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Are you struggling with survey fatigue?

We’ve recently been hearing how hard it is to get a decent number of responses to a survey. And we’ve also heard from people who are working on projects where there is reluctance to send out “yet another survey”, because they think farmers are feeling over-surveyed. So we wondered whether survey fatigue is really true and what we might do to overcome it.

To start with, we should emphasise the importance of getting survey design right. We’ve actually covered this in a previous episode, Designing a decent survey. We think that spending time on getting a survey right is time well spent and can help increase response rates. But in this episode we’re going to explore survey fatigue. 

As always, we look to the literature to see whether research can shed any light on this. In the literature survey fatigue is equated to declining response rates over time. While this is an important indicator we’re not sure if this fully captures what’s going on. However, in work from 2004 researchers from the Wesleyan University in Connecticut explored survey fatigue and response rates. Interestingly, they found conflicting results. They found one study that looked at a series of farm surveys conducted over time by the US Department of Agriculture. They found there was no relationship between the number of times participants had been contacted and their response rate in later surveys. 

However, a different study they looked at asked people how many times they’d been contacted to participate in a survey. They found that the more times the respondents had been contacted, the less likely they were to respond to a later survey. The researchers concluded that while the evidence was mixed, too many surveys can reduce response rates, though this depended on the survey content. More recently in 2021, researchers in Utah and South Dakota documented declining responses to surveys. They proposed a few ideas to encourage response rates, such as providing a range of different ways of responding to a survey, such as paper-based and online options, so not just relying on one way to collect data.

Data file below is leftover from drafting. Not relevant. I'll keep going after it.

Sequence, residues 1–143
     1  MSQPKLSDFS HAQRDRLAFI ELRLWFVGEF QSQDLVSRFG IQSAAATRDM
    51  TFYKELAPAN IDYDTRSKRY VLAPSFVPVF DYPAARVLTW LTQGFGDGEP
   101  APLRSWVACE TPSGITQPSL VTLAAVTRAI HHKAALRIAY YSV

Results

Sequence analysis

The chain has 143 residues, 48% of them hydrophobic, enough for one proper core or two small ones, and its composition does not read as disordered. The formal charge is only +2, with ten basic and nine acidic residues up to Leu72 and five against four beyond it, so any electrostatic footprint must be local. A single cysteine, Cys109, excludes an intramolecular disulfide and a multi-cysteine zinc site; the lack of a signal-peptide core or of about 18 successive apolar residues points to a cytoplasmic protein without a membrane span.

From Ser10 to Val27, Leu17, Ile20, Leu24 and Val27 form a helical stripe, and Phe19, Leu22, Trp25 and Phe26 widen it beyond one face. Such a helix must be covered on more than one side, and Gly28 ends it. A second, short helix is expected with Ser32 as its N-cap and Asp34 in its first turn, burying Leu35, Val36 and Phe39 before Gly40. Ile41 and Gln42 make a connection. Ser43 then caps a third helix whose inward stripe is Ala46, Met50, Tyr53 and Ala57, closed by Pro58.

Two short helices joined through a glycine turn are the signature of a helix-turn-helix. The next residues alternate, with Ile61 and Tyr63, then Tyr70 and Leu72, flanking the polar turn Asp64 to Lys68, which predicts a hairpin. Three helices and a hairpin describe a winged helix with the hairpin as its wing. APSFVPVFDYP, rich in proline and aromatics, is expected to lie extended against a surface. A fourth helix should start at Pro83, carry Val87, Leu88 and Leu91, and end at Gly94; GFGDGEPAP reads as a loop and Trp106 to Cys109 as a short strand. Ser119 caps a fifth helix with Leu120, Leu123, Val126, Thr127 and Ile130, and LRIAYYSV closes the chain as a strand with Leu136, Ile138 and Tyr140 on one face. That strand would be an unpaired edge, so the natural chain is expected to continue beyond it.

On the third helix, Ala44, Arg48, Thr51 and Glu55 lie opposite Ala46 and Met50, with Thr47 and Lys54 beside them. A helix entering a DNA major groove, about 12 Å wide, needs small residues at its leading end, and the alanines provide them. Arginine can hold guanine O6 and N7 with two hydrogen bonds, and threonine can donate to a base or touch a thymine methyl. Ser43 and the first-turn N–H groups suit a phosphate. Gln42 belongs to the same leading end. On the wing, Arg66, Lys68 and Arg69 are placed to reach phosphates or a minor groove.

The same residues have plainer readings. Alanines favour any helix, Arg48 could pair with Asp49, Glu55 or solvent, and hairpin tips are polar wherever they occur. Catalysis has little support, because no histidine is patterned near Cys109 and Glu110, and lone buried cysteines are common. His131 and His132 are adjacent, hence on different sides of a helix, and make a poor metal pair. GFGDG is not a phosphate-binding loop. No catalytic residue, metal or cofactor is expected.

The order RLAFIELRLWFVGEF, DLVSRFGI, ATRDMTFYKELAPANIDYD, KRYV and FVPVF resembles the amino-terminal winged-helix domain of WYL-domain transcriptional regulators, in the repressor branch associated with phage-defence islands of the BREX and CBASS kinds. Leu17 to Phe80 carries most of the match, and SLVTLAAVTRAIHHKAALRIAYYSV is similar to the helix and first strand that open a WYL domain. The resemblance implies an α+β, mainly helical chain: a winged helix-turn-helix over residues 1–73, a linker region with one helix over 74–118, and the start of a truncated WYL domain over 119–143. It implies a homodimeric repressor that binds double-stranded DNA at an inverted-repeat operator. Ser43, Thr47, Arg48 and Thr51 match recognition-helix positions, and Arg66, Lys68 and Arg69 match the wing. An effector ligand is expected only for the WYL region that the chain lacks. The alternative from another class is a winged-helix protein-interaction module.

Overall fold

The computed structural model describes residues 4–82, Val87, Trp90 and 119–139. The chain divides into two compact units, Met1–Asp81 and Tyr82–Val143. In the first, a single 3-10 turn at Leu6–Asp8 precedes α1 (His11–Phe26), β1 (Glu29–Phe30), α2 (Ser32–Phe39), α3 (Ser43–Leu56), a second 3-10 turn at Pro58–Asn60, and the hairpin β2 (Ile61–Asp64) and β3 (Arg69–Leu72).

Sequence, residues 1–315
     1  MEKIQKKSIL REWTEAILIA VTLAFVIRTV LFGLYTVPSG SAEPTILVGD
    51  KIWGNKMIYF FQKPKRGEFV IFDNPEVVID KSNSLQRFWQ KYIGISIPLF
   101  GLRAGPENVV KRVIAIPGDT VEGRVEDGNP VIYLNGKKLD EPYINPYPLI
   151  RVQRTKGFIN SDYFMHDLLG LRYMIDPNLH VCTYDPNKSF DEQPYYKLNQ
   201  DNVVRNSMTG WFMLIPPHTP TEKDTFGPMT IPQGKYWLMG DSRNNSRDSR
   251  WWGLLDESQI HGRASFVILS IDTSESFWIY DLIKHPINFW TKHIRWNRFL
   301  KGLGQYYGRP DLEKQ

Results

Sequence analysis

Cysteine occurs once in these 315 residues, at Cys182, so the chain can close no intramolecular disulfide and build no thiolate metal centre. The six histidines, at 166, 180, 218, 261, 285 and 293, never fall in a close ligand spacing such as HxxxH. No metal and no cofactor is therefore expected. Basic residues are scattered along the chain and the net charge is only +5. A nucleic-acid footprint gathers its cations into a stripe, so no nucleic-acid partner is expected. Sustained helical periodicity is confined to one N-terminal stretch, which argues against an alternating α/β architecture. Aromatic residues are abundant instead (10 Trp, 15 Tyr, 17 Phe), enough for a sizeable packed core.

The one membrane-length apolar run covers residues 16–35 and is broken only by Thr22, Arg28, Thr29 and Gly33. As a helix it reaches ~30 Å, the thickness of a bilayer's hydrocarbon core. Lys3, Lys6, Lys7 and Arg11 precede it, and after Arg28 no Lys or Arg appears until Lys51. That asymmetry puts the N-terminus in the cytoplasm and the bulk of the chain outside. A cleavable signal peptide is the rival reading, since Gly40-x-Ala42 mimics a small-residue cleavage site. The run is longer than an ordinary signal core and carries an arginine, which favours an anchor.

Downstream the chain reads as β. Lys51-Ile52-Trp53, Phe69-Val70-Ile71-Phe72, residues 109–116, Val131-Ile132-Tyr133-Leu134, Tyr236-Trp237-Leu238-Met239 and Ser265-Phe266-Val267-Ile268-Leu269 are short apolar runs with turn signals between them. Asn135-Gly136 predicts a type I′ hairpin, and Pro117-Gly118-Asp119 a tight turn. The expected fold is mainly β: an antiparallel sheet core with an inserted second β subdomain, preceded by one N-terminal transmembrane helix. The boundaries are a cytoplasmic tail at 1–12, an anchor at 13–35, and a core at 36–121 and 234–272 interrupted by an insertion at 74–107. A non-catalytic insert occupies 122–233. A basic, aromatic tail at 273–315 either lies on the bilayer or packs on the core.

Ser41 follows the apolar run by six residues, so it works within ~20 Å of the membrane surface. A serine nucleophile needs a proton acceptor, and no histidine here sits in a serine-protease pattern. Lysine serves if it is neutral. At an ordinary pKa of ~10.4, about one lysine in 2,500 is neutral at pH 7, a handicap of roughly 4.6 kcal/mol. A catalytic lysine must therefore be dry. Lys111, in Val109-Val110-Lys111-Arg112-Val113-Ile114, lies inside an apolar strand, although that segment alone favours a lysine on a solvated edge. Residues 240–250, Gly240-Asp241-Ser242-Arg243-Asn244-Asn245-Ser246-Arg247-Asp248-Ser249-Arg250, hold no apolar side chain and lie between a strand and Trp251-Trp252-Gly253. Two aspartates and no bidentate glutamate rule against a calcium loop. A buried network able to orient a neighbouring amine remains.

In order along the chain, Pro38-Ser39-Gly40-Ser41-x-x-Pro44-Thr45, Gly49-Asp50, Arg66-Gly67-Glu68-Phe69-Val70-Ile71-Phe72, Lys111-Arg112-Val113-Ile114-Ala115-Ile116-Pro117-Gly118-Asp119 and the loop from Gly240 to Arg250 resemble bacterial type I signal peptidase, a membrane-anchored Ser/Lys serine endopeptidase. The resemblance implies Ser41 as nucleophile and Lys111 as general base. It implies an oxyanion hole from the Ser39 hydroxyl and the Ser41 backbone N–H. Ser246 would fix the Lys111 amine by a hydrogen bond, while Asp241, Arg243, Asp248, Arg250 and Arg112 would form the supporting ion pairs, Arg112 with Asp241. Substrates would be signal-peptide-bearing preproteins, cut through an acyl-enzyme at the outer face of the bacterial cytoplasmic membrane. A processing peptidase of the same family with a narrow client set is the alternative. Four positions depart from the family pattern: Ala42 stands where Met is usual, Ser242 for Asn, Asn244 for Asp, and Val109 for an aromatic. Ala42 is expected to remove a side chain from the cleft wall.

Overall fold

So where does that leave us? Well, we believe there are a few things that could help, and they relate to designing our surveys well. Firstly, understanding our audience and what might be the issue behind the declining response rates. Are we clearly explaining upfront why the survey is important and relevant to them? Are we asking in an appropriate way? Maybe we’re expecting them to respond online when their internet access is limited. Let’s make sure we understand our audience and what they find easy to do.

Second, let’s keep our surveys concise. We know it’s tempting to try to gather all the data we think we might need, but let’s be ruthless. What are the essential questions we need? Let’s ask only those! Thirdly, offer incentives. The work we mentioned earlier from Utah and South Dakota picked up on this. They found that pre-incentives (such as a small sum of money as a token of appreciation for people’s time) were useful. We think an incentive can be as simple as providing access to a summary of the results. This is an often overlooked and a relatively simple item to provide and again, shows respect for people’s time.

We also wanted to mention a couple of items that have been working really well for us recently. Firstly, build in time for the surveys to be completed during the event, and don’t expect people to find extra time afterwards to do that. We’ve also been using a QR code displayed on the final presentation slide, so people can access the survey quickly and easily on their phone. We do that at both online and in-person events, and for online ones we also provide the URL to the survey in the chat box. This is because it’s sometimes easier for people to type longer responses on their computer keyboard or in case someone still hasn’t worked out how to use QR codes!

Finally, we come back to something Jeff Coutts has said a few times now. Jeff has lots of experience in this space and his question is, “Who’s fatigue are we talking about?”. Sometimes we don’t want to be the person asking farmers for information yet again, and survey fatigue can become a bit of an excuse. If we’re doing our job well, there should be some benefits we’re offering to farmers for being involved in our projects or activities. It then shouldn’t be too much to ask for some quick feedback. 

And once again, we want to point out that designing a decent survey goes a long way to helping address this issue. Check out our previous episode on designing a decent survey, or this one on boosting response rates or even this one on using online polls and surveys

In summary, we should be better designing our surveys and also designing our events to allow time for surveying. But what do you think about this? We’d love to hear your thoughts on survey fatigue and any strategies you’ve used to overcome it. Share your thoughts in the comments below the blog post!

Thanks folks for joining us on this Enablers of change episode. Remember to subscribe to our newsletter if you’d like to know when new episodes are available. And if you liked what you heard, please tell your friends so they too can join the conversation!


Avemegah, E., Gu, W., Abulbasher, A., Koci, K., Ogunyiola, A., Eduful, J., … & Ulrich-Schad, J. D. (2021). An examination of best practices for survey research with agricultural producers. Society & Natural Resources, 34(4), 538-549.

Johansson, R., Effland, A., & Coble, K. (2017). Falling response rates to USDA crop surveys: Why it matters. farmdoc daily, 7(9).

Porter, S. R., Whitcomb, M. E., & Weitzer, W. H. (2004). Multiple surveys of students and survey fatigue. New directions for institutional research, 2004(121), 63-73.

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